The radiator without a thermostat in the line but with a thermostat in the radiator to control the fan seems like a great combination.  I'm going to try that first and see how it goes.  The tank idea is great if the setup is never going to move, but my plans are to have it be at least partially mobile.  It'd also be nice to have a closed system which could use antifreeze so I didn't have to drain it when it threatens a frost.

Making the plate should be easy enough, I have a Chinese Bridgeport clone and more lathes than I know what to do with.  Time to find a nice thick piece of stock.

I'll visit the local radiator shop and try and find a good top-bottom style setup.  I've seen quite a few videos on YouTube, including 38ac's 5kw setup so I know exactly what you're talking about.  I just wish I had the artistic touch he does for constructing the cart, that thing is excellent!

Thanks again, and I'll keep the group in the loop with what I come up with.

glort

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Re: utterpower changfa cooling conversion plate specifics
« Reply #11 on: August 07, 2018, 12:16:08 PM »

I'll visit the local radiator shop and try and find a good top-bottom style setup. 

On my roid I used a Subaru Cross flow Type Radiator..... and turned it sideways.  Worked Brilliantly.
I set it up as a non pressurised system and would do that again as well. Even if this engine is to be put on a trolley, all you need do is have a small tank at the highest point with a vented lid.  Maybe something like a vent tube on a bike fuel tank would be good to allow air but minimize coolant losses when moving the thing.

I had the thermo fans on the radiator but ran them through a tail light globe to slow them down. with the size of the rad being made for 150Hp engine, a gentle breeze blowing on the thing just moving air through it would be enough for the roid.  If you can get a smaller radiator at a workable price, that would be better for packaging considerations. Something off a Bike would be good but maybe exy. They are here, don't know about where you are at.

I would also look at a water pump for the thing.  You can get electric car waterpumps that take 3/4 or 1"  pipes which would be all you need and just put a PVC joiner in some radiator hose and screw a fitting in and clamp it to the smaller hose.  Positive water movement would be better for the engine to maintain a more even temp.  One thing to have evaporation cooling but them having to make the coolant travel through hoses I think will upset the design apple cart.  You could direct a pipe through the plate to the Crank for the inlet and another the opposite way to pick up fron the head end and maybe put a bit of a baffle in between to aid circulation.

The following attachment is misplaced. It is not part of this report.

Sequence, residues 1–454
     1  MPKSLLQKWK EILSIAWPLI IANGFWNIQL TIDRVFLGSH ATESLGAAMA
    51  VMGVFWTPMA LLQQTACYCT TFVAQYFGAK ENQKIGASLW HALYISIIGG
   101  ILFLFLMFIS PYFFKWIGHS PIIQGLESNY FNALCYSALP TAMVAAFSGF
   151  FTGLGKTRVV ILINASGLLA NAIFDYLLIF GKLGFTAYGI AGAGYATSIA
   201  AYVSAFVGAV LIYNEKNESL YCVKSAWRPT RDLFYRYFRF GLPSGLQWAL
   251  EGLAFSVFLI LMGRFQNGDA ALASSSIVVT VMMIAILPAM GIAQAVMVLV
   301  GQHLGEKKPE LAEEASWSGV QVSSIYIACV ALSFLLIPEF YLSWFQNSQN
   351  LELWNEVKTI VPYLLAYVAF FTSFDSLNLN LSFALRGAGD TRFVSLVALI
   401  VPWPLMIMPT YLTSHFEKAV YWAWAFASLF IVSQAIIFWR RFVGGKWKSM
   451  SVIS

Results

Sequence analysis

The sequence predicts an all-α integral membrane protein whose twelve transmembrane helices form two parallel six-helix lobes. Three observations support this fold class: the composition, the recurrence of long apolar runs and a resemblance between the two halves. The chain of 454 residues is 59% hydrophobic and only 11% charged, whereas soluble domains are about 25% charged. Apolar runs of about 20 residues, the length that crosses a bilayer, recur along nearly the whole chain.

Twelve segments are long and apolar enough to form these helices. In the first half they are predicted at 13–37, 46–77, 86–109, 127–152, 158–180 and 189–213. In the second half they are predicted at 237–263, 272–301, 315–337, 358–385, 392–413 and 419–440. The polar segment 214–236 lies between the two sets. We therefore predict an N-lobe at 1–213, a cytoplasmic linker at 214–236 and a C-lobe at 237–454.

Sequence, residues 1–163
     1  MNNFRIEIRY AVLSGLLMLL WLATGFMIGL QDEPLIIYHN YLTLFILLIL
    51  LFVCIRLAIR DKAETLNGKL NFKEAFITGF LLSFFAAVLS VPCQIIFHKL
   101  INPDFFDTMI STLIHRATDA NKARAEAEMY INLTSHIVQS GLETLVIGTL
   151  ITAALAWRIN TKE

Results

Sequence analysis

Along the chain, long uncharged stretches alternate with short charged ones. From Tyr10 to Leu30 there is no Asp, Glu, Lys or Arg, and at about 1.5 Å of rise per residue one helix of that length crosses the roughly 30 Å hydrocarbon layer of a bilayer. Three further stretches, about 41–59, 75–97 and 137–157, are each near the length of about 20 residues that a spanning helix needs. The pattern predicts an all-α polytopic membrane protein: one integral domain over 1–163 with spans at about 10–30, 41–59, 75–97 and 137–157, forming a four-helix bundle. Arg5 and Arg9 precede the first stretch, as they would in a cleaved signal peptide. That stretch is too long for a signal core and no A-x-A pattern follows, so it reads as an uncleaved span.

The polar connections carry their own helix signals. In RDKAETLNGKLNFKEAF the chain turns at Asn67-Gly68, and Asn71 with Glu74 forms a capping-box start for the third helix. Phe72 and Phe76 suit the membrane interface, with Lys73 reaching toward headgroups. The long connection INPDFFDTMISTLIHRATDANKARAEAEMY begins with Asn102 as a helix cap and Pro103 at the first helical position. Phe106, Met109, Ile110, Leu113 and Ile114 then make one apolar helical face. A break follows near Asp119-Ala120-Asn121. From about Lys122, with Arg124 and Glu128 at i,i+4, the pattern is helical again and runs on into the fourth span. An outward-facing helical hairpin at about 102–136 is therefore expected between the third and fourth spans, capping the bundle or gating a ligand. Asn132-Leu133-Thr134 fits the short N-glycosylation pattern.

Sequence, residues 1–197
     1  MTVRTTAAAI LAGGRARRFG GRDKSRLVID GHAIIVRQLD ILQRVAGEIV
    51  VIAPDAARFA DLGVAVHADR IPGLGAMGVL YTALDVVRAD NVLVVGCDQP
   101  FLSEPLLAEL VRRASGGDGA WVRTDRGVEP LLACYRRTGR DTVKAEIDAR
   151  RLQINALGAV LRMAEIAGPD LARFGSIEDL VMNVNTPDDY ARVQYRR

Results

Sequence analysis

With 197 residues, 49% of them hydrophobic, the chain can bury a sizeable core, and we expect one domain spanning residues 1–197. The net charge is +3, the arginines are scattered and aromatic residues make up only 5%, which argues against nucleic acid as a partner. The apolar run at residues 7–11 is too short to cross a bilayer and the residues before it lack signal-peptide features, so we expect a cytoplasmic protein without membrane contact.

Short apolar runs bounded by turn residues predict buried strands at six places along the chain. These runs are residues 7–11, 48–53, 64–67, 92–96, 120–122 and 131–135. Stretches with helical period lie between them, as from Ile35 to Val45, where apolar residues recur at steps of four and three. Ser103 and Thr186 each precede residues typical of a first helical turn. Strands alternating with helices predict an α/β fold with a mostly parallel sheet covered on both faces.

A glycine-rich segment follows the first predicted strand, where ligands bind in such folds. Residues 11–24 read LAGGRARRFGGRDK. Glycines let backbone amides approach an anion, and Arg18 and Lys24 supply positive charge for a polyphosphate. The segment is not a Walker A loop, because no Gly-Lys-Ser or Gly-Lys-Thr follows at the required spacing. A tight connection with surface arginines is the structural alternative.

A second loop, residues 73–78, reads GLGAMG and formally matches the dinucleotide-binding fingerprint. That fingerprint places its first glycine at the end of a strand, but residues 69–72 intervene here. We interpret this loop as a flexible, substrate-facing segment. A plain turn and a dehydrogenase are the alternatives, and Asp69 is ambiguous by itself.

Plus with a pump and a controller, you have a kind of thermostat built into the engine anyway.

What is the engine going to be driving?  Generator?

38ac

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Re: utterpower changfa cooling conversion plate specifics
« Reply #12 on: August 07, 2018, 12:32:26 PM »
The radiator on the 8/1 on my youtube channel is the one I prefer to use. They come from John Deere LUC power units that are in abundance in the midwest, average cost $50 and they are designed for thermosyphon cooling. They are a bit large for a CS single cylinder engine but perfect for a twin or 195-1115.
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Boxelder

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Re: utterpower changfa cooling conversion plate specifics
« Reply #13 on: August 09, 2018, 01:32:56 AM »
Glort - the Changfa is already mounted to a 15kVa ST generator head via a Lovejoy style coupling.  This coupling is absolutely massive, and the whole shebang is bolted to an EXTREMELY sturdy double C-channel welded and reinforced frame.  The previous owner was using it for - get this - an electric car conversion which he raced in the 24 Hours of Lemons circuit.  This motor has actually set a record for the longest distance driven in 24 hours by an electrically powered homebrew car.  The problem was it weighs a half a ton, literally.  His 1980's P.O.S. just couldn't handle the weight.  So it was replaced by a Harbor Freight generator which isn't a quarter as stonkin' but happens to be a quarter of the weight.

For my purposes I'm going to be running it intermittently, perhaps two or three hours at a time maybe four days a week.  I'm trying to fire the power company, which is charging what I consider to be penalty rates for a home shop gamer just trying to enjoy his free time.  They're charging me $55 a month base rate, and then commercial usage rates on top of that.  If I can run this thing instead, I might actually make some money back on it - this would be a new experience for me.

38ac - I've done some searching online, and the cheapest LUC radiator I've found is listed at $200.  If you have one or two you're not using, I would definitely like to acquire them from you if you're interested in selling them.  There aren't so many down in Georgia as there are in the midwest.

The engine came with a bolt-on water pump with small pulley.  If I can get away with not using it, that would be preferable.  But I don't mind going that route if it becomes the right decision.

Also, I'm not really going for a "bulletproof forever as my only source of power" setup, it's really more of a "minimal damage to the engine due to the high thermal cycling rates and short duty cycles" setup.  The thermostat I figured would get the top end up to working temperature faster, that's all.  To my mind that might have a positive effect on engine life.  But I'm no engineer.

Lots to do, little time to do it.  I have more projects on my plate than I could complete in a year even if I wasn't working full time.  But you have to strive, right?  It's a lot of fun just tinkering in the shop.  Probably the same for a lot of us on here, yeah?

dieselspanner

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Re: utterpower changfa cooling conversion plate specifics
« Reply #14 on: August 09, 2018, 10:12:53 AM »
The only thing that comes close to 'tinkering in the shop' is reading about the rest of the guys 'tinkering in the shop'!

Cheers Stef
Tighten 'til it strips, weld nut to chassis, peen stud, adjust with angle grinder.